SPI Working Paper Series

WP #: 113

Date: Dec 2014


Other Sources



Sign Me Up! A Model and Field Experiment on Volunteering

    Daniel Houser, Erte Xiao

    George Mason University
    Carneige Mellon University

We develop and model a two-stage incentivized intervention to promote pro-sociality. In the first stage, participants are incentivized to complete a compound task consisting of a targeted pro-social activity and a complement activity. In the second stage, participants are incentivized to complete repeatedly only the complement activity. The model predicts that, conditional on compliance with the first-stage compound task, intrinsic interest in the target activity is promoted regardless of compliance with the second-stage task. To test this we design and implement a field experiment on volunteering. The results are consistent with our model. Moreover, in the one year subsequent to our experiment, those who participated in our compound-task mechanism reported volunteering systematically more than those who participated in alternative mechanisms we investigated. Our approach has useful implications for promoting positive individual and social outcomes in many behavioral domains.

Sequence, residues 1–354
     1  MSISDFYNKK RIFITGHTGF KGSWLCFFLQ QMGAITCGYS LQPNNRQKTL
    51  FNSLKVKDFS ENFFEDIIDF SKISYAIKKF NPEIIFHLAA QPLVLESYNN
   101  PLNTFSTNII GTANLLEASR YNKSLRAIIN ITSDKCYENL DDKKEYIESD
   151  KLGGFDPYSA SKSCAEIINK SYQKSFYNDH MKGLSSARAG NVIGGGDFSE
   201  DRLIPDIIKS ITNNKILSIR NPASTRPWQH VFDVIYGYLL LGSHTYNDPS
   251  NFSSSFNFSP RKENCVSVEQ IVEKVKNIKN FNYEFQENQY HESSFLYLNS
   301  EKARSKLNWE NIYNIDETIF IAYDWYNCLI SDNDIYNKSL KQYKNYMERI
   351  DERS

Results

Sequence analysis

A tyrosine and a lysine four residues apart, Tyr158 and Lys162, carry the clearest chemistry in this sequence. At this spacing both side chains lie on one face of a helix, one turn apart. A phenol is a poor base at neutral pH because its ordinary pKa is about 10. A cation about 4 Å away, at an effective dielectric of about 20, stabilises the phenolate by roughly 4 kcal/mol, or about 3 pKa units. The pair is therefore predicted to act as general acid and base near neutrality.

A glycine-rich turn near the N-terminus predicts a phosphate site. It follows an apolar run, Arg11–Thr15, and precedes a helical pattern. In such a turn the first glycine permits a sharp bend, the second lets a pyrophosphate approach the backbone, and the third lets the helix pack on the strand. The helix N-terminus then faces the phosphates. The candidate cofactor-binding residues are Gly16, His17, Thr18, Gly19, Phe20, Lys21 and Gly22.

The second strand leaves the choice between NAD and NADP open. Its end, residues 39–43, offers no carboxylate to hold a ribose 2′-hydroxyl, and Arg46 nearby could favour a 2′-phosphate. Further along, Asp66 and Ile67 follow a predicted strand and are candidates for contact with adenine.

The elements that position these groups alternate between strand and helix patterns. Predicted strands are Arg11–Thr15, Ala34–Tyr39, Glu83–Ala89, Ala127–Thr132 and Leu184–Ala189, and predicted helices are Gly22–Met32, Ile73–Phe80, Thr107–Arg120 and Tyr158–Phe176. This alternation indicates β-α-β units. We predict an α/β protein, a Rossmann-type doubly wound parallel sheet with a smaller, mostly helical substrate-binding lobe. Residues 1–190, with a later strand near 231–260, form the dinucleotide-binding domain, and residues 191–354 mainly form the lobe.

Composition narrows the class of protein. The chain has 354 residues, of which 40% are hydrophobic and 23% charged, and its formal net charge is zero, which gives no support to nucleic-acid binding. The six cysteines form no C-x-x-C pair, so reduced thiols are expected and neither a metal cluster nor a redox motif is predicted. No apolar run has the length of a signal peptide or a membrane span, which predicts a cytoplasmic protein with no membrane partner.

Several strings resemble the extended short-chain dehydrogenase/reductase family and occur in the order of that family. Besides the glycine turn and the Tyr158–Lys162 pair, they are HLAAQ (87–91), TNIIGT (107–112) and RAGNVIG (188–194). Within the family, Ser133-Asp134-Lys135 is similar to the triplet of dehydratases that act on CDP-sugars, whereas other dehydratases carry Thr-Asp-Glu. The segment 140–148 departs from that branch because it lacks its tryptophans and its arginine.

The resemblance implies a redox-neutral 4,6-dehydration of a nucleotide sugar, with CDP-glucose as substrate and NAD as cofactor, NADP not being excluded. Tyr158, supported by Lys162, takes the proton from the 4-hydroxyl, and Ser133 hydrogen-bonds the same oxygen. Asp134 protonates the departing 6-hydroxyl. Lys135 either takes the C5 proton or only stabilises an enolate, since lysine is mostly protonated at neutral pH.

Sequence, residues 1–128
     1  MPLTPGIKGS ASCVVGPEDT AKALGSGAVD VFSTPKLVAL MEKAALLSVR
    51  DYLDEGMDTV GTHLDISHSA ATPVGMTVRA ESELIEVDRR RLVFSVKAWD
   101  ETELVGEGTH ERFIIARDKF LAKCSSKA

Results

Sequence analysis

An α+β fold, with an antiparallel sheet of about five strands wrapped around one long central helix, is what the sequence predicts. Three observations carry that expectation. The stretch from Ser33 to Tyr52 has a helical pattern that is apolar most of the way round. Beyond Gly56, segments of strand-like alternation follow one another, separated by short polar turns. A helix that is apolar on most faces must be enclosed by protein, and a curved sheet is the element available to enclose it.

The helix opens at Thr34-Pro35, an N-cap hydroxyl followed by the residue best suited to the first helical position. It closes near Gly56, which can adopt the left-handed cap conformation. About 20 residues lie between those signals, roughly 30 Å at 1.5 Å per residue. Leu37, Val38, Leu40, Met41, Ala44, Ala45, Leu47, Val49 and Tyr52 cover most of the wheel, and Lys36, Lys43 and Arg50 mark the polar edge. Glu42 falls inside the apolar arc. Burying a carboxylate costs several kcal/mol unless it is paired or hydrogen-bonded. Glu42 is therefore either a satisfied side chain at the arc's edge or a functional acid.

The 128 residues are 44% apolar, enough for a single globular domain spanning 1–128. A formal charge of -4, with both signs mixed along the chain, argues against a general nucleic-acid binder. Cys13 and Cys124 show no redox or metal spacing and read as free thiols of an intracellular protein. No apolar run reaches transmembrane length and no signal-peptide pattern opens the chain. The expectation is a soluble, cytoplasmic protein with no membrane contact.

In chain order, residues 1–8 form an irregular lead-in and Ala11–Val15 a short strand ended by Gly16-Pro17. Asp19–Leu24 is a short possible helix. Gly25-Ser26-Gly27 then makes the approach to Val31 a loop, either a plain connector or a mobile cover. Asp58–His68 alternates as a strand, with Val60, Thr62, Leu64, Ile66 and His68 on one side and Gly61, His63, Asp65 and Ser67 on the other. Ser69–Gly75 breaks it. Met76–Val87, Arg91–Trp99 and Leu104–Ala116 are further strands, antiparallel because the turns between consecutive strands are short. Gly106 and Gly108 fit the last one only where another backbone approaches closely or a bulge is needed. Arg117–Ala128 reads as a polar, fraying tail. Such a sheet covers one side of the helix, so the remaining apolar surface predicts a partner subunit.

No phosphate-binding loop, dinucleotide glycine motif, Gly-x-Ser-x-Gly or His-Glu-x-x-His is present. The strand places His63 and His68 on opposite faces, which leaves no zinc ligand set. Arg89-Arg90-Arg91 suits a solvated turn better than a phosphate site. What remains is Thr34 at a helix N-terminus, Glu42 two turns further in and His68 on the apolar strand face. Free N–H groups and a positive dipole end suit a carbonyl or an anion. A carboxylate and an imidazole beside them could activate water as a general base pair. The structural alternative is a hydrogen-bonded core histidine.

SPI Quick Look:
Committing to volunteering regularly may be challenging for people. A solution could be to provide incentives to commit. These incentives however may backfire if people fail to comply with their commitment. The reason is simple: often people infer what they like to do based on what they did before: if people miss a reward, they might be induced to believe that this is because the associated activity was not worth their time (e.g. I didn’t go to the gym and missed my reward, thus it must be the case that I do not need to exercise). This paper develops and tests the effectiveness of a simple two-stage mechanism that solves this problem: in the first-stage people are incentivized to complete a main task (e.g. volunteering) and a simple, complement task. Crucially, in the second phase people are incentivized only to complete (again) the complement task. Because the complement task is easy to complete, and because it was part of a compound task that involved volunteering, this reinforces a positive attitude toward the main task, inducing more volunteering in the long run.